home taping is killing music and its illegalOne of the most misdirected campaigns of all times is "Home Taping Is Killing Music". The campaign was launched by Chris Wright chairman of British Phonographic Industry (BPI) on Oct. 28, 1981. The campaign had a fateful and high-pitched tone ("and it's illegal") accompanied by a vivid imagery (a skull-like cassette and crossed bones). The background for this bizarre initiative was that the record industry felt threatened by the newly introduced dual cassette deck (single recorders and decks had been doing its thing for years). The dual cassette deck was considered as the eqvivalent to Cyberdyne Systems Model 101 Series 800 in Terminator 2 by the industry. They feared home taping (tape to tape) in an industrial scale. The underlying assumption was that home taping would cause a decline in record sales. Did they have reason to be concerned? The theoretical and empirical support was non-existent. In fact, home taping was often a gateway to a lifelong commitment as a paying consumer. The compact cassette can be summarized in crappy sound quality and poor substitute. They home tapers made copies and mixtapes for their own personal needs but in addition they bought vinyls, and later, cds. Some people may argue that home taping is morally eqvivalent to illegal downloading. However, there's a big difference. Illegal downloaders never had any intentions to begin to pay for music. The campaign failed and was ridiculed, parodied and mocked. The coverage ratio (using stamped logo and slogan on records) in the UK record industry was far from 100 percent. The cd player was launched. The nail in the coffin was when a UK court verdict ruled that "whilst it is clear that the copying of copyright material without permission is an infringement in almost all jurisdictions, the provision of a service or equipment to facilitate such copying, where that service or equipment has other legitimate uses, may not be an infringement or illegal." (CBS vs the Amstrad dual cassette deck). The campaign vanished into thin air. The campaign resurfaced 10-15 years later, but that's a different story.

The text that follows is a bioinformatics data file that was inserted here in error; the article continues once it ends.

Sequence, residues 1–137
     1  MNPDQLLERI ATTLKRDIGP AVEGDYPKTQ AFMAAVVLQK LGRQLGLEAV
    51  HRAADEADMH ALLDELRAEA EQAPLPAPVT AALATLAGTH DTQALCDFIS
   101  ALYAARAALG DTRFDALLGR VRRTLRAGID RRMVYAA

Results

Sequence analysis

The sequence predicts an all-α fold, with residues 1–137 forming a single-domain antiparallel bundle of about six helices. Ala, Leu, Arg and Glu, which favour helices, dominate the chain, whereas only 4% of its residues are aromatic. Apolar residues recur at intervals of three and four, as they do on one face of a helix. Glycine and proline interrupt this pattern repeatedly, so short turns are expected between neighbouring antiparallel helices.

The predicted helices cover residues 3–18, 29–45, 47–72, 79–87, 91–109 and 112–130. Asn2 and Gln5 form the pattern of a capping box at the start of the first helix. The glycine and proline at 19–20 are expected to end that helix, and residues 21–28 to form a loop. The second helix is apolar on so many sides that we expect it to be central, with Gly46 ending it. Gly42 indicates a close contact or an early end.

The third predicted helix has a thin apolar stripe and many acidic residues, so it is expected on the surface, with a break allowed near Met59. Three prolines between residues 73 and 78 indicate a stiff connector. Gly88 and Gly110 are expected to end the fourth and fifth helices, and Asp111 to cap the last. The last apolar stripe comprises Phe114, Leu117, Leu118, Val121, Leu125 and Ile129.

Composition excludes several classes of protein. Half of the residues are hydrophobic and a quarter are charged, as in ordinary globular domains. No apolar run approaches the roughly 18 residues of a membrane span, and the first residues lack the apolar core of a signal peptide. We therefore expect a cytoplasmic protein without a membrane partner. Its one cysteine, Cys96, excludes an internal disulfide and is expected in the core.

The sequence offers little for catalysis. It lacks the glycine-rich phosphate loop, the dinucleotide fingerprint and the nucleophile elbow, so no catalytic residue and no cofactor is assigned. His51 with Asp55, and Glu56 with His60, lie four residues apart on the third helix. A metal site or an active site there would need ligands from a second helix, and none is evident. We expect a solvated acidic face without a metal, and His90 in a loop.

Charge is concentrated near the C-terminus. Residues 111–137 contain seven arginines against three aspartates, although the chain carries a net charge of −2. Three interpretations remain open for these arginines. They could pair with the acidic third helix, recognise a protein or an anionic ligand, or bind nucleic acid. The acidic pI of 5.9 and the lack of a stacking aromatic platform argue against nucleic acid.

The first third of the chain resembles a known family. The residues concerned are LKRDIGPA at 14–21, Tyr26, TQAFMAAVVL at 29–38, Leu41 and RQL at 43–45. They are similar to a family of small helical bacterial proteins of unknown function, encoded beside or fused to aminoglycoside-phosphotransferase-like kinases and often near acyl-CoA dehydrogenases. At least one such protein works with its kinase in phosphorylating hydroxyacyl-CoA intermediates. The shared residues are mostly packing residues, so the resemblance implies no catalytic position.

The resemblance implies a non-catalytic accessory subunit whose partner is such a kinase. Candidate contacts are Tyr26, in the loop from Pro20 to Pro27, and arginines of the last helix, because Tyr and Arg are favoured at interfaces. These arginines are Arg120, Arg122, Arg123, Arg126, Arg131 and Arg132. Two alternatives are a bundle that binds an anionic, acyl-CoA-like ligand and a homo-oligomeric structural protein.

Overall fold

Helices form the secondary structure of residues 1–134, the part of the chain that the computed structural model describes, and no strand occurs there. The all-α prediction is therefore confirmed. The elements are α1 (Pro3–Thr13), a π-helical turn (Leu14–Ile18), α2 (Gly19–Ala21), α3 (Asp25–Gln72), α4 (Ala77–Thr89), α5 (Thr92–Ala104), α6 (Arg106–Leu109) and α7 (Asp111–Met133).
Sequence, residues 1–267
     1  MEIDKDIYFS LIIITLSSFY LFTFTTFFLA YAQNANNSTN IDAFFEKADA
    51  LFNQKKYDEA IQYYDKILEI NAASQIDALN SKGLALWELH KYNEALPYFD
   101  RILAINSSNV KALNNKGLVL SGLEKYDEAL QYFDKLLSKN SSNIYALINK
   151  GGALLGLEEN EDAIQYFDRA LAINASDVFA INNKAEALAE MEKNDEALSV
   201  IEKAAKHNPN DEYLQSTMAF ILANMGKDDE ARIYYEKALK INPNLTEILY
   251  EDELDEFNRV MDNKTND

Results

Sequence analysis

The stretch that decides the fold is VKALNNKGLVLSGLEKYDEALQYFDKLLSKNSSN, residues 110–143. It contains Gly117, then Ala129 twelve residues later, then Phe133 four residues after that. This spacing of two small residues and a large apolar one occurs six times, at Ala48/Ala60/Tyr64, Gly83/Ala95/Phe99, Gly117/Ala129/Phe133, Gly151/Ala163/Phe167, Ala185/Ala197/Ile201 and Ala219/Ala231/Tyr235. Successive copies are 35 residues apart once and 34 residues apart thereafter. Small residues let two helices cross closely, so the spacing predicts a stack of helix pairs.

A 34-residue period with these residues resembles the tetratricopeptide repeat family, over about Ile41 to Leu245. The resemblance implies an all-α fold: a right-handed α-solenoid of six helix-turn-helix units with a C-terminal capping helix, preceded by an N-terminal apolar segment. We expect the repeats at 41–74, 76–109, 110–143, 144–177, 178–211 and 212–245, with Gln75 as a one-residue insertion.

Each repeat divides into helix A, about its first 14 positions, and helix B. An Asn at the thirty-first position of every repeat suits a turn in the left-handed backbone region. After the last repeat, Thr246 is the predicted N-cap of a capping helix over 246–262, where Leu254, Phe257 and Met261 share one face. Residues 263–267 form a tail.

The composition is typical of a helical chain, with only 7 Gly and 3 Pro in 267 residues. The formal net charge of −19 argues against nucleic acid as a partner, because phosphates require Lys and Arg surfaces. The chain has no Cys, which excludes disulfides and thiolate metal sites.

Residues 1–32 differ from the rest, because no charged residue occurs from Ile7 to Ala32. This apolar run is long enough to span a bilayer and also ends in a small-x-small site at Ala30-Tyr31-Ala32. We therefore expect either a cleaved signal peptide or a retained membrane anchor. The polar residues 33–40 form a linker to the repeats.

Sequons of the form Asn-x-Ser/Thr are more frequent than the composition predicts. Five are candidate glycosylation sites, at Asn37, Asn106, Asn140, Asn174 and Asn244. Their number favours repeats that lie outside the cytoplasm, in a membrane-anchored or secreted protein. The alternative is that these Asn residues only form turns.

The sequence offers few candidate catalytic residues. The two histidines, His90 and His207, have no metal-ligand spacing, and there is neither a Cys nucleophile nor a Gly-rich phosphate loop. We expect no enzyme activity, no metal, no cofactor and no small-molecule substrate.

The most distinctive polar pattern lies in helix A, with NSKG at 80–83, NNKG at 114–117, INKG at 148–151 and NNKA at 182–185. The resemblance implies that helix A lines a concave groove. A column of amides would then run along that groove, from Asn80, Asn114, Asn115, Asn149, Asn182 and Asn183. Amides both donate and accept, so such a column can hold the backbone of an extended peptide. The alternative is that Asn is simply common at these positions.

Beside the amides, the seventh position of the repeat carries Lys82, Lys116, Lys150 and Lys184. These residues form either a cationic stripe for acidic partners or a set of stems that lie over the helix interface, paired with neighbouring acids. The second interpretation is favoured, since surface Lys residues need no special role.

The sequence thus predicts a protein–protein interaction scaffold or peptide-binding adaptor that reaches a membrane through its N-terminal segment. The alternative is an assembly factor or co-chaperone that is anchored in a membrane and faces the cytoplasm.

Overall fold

Budgie earlyThis blog post may seem a bit off-topic, but it actually has some bearing on how I later in life became the Ambassador. It’s funny how the brain works. When I wrote a blog post recently about home taping and then listened to some early heavy metal albums it triggered a memory from childhood. Obviously, it had been filed somewhere. Here it comes. I grew up in a small ”company town” at the mercy of structural change. There wasn't much to do besides football (soccer) and icehockey. Some of us upper primary school kids without direction turned to music. I didn’t have any money, but my classmate (we can call him Carl) had excellent contacts with older guys who could afford to buy LP albums. Actually, it was in his cubic-formed and semi-detached house with needle-loom carpets that I heard ”Band of Gypsys” with Jimi Hendrix for the first time. From that moment I was on the slippery slope of a milder form of music addiction. Carl later pursued an adroit career in shoplifting, insurance fraud and using shell companies for tax evasion. Carl was, despite his later career choices, entrusted and could borrow albums over night and record them on compact cassettes. This was analogue times. How did you get a copy from a cassette in those days? It was simple. Nowadays, we consider this procedure as obsolete and tedious. This is the way it was done. I borrowed the cassette from Carl and went home and connected a cassette recorder (A) to a reel-to-reel audio tape recorder (B) through a five-pin DIN connector and started to record. Then I recorded back from B to A (new cassette). All of this was done in real time (this was before any slow living or mindfulness). The sound quality was, at this point, quite terrible. Carl also had an illegible handwriting. In fact, he had trouble reading his own handwriting. I had to put in a lot of work into transcribing his scrawl from the cassette cases and I didn't always get it right. Anyway, I'm thankful to Carl for introducing me to Budgie.